6. 50,000 civil service jobs should be transferred out of London, saving at least £200m per year, and more Agency and Public Bodies Headquarters moved out of London. We identify the first dozen of possible candidates.
  7. Local government should be given greater long-term financial certainty to enable them to invest more confidently in their areas’ futures.
  8. Local government should be given more capacity to generate its own revenue with new fiscal powers.
  9. Local leaders should be able to take new powers from the centre, through a new, streamlined process to initiate local legislation in Parliament.
  10. There should be “double devolution” that pushes power closer to people – giving them and their community the right to have more of a say on the issues that affect them, the services they use and the places they live.

Our third set of recommendations concerns Scotland, Wales, and Northern Ireland. The Commission’s blueprint is intended to give the people of Scotland, Wales and Northern Ireland a new opportunity to benefit from the unique and mutually beneficial combination of self-government and shared government that their nations enjoy: the opportunity to pursue faster change within a reformed UK.

We have listened to the voices of people in Scotland and Wales and understand the deep sense many have of being morally and politically abandoned by the present UK government and the desperation for greater agency – feelings shared equally across much of the UK.

We have accepted the challenge that those who believe in the UK as a positive force have to and will offer a better and more trustworthy prospectus for change than independence.  The alternative we put before the people of Scotland and Wales is better than either costly and destructive independence and a stagnating status quo: change within the United Kingdom that can entrench self-government in Scotland whilst improving shared government across Britain and we believe that our recommendations offer not just faster and safer change, but fairer change.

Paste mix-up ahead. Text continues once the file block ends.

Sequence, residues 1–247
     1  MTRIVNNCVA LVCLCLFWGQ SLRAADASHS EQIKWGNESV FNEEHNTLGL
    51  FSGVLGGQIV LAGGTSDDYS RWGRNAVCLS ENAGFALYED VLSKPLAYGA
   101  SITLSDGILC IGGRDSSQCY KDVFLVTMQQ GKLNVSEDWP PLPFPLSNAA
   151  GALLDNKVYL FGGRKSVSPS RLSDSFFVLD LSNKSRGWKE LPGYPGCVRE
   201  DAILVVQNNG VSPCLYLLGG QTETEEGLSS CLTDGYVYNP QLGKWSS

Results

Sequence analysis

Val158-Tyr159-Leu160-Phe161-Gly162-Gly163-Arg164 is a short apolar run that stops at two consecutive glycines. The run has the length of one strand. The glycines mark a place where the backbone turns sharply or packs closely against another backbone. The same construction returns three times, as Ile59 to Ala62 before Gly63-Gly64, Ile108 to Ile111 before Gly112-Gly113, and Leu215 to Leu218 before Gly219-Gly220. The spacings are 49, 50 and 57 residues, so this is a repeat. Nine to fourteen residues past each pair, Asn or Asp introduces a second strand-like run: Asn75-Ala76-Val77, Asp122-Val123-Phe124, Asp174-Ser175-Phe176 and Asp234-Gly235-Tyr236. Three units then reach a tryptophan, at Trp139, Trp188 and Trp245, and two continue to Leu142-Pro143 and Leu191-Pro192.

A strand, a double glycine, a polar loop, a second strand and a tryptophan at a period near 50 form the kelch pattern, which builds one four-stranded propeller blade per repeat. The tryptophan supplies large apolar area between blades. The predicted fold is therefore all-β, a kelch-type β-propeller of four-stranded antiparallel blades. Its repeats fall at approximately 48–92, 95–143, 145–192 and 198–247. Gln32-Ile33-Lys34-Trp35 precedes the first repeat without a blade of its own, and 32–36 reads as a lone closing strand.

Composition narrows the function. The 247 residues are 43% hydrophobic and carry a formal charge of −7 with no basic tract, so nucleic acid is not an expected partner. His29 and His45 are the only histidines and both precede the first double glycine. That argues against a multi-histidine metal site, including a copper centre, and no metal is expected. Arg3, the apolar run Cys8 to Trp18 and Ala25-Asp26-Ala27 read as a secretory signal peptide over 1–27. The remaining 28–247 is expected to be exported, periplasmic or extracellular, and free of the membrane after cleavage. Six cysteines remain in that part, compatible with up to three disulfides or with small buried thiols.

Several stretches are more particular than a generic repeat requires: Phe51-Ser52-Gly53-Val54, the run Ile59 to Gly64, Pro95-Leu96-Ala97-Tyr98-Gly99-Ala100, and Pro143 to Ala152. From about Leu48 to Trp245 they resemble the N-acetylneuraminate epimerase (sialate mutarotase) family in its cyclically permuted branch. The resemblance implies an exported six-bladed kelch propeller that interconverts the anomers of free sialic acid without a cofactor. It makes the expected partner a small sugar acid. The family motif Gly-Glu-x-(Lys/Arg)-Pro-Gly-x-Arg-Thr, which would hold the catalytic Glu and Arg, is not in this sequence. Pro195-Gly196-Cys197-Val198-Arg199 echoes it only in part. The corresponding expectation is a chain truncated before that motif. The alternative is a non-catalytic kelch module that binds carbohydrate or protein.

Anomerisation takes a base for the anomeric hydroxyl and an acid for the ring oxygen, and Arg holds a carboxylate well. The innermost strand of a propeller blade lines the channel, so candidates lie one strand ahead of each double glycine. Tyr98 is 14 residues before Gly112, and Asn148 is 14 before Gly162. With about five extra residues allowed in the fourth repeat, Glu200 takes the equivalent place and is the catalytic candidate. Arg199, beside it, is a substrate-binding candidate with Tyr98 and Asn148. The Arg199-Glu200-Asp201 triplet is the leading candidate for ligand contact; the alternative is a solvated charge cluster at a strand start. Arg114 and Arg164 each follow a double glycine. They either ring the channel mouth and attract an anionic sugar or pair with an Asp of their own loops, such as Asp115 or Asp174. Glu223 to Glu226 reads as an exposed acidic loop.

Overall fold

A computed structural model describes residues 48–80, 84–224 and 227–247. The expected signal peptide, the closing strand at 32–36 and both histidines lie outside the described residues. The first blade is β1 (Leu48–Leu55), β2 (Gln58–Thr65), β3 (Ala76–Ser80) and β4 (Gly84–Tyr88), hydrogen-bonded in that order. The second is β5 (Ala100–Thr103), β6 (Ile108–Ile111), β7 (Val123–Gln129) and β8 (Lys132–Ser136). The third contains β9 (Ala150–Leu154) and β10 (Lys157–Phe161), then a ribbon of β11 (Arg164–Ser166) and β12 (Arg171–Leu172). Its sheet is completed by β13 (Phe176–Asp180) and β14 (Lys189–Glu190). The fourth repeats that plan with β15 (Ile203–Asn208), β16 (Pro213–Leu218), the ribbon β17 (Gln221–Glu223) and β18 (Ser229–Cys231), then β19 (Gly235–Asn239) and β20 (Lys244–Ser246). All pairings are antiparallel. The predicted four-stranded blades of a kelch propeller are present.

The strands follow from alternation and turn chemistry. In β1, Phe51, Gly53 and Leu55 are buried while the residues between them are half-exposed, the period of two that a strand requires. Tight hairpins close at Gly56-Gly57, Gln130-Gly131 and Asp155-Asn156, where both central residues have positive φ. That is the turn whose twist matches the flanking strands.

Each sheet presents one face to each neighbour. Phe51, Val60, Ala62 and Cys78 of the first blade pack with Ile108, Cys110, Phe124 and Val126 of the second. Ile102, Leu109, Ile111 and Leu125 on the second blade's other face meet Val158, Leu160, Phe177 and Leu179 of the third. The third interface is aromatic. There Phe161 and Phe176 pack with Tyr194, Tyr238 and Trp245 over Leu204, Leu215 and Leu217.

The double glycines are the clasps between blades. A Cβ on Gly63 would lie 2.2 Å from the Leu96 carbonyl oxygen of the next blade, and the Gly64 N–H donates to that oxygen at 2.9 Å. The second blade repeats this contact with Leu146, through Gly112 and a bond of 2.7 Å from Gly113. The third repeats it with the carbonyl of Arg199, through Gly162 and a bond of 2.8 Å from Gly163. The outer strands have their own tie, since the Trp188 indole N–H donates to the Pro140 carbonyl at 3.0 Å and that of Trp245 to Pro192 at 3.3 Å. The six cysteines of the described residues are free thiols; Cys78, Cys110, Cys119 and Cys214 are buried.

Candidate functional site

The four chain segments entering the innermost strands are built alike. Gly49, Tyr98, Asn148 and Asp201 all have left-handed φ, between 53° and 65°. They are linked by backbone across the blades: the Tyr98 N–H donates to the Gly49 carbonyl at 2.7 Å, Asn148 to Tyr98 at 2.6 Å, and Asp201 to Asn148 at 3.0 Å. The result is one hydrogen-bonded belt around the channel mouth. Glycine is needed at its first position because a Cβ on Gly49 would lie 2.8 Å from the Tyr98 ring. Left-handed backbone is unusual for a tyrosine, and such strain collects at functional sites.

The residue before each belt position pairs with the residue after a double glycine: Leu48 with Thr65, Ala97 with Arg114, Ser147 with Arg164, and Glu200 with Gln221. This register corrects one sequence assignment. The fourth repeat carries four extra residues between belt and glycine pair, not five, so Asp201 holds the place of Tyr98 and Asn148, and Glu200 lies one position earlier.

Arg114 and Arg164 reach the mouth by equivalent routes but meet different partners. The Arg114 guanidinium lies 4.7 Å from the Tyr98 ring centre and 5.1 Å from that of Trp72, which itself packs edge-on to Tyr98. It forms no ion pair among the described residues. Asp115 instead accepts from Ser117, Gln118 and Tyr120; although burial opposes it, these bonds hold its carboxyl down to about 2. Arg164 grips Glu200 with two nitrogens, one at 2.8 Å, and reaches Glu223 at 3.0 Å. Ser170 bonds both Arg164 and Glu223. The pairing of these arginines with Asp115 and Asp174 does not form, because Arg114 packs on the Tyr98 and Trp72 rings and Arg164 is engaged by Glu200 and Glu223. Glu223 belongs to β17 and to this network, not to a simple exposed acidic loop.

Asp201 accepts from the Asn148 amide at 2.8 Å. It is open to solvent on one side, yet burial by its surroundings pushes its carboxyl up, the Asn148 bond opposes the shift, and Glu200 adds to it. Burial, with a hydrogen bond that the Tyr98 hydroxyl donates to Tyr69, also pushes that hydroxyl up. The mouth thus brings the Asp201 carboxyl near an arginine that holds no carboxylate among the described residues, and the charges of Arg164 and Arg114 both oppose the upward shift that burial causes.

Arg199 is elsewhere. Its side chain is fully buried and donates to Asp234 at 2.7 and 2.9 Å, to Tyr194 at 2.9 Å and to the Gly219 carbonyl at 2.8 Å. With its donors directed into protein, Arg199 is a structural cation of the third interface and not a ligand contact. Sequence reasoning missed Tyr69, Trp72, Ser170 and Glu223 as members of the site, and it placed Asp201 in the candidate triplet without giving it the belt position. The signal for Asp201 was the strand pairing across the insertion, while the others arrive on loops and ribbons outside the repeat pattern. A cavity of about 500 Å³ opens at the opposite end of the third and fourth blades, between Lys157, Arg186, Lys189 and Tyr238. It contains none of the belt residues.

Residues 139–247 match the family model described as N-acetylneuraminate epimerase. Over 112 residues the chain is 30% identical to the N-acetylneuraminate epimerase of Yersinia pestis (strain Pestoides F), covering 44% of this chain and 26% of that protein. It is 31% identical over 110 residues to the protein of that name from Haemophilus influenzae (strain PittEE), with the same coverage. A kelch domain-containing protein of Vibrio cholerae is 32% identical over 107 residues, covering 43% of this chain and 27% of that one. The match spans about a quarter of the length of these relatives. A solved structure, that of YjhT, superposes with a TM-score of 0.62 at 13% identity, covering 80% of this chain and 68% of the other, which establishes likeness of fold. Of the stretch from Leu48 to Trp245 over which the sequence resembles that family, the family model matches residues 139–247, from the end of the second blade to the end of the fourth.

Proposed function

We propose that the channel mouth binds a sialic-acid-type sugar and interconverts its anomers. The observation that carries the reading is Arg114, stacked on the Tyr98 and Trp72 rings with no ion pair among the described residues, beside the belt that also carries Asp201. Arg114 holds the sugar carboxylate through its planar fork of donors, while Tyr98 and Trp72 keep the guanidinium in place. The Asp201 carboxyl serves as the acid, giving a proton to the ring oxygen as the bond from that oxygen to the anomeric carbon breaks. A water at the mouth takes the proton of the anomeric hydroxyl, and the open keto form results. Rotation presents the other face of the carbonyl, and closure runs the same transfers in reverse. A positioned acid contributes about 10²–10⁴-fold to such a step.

In the past, governments have answered the desire for change in Scotland and Wales by announcing a shopping list of powers, but then practicing a policy of ‘devolve and forget’, which has led to division and resentment.  The way forward is to consider all measures that are best to reinforce self-government within the United Kingdom without losing the benefits that co-operation on concerns common to us all can bring.

Our proposals are therefore intended to combine self-government and shared Government:

  • To entrench the constitutional status of self-government across the nations of the UK;
  • To ensure Scotland and Wales have, with Northern Ireland and the cities and regions of England, a permanent voice not just in the House of Commons but in a reformed second chamber, an Assembly of the Nations and Regions, charged with safeguarding the institutions of self-government;
  • To secure the benefits of co-operation between Scottish, Welsh and UK institutions, because we can achieve more within our islands working in partnership than ever we can achieve working on our own;
  • To broaden the powers held by the Scottish and Welsh governments to help improve public services and prosperity.

So, our proposals take us beyond today’s binary debate that has focused too long only on which powers are held by whom without thinking of the benefits of co-operation to all.  So we set a path for how Scotland, Wales and Northern Ireland, alongside the towns, cities and regions of England can be respected voices in Britain regardless of which party is in Government, and how shared objectives can be delivered by shared institutions.

In Wales, our proposals strengthen self-government for a new era, but we are mindful that the Welsh Government has set up an independent Commission to make recommendations on constitutional issues.  We know that we can rely on the Welsh Labour Government to publish its Plan for Wales that employs to the full the powers of the Senedd and, at the same time, maximises the benefits from co-operation across the United Kingdom.

In Northern Ireland, our proposals can help restore and strengthen devolution, consistent with the principle of consent and the commitments of the Good Friday Agreement and at the same time, improve the prospects for economic growth and good employment prospects for the people of Northern Ireland.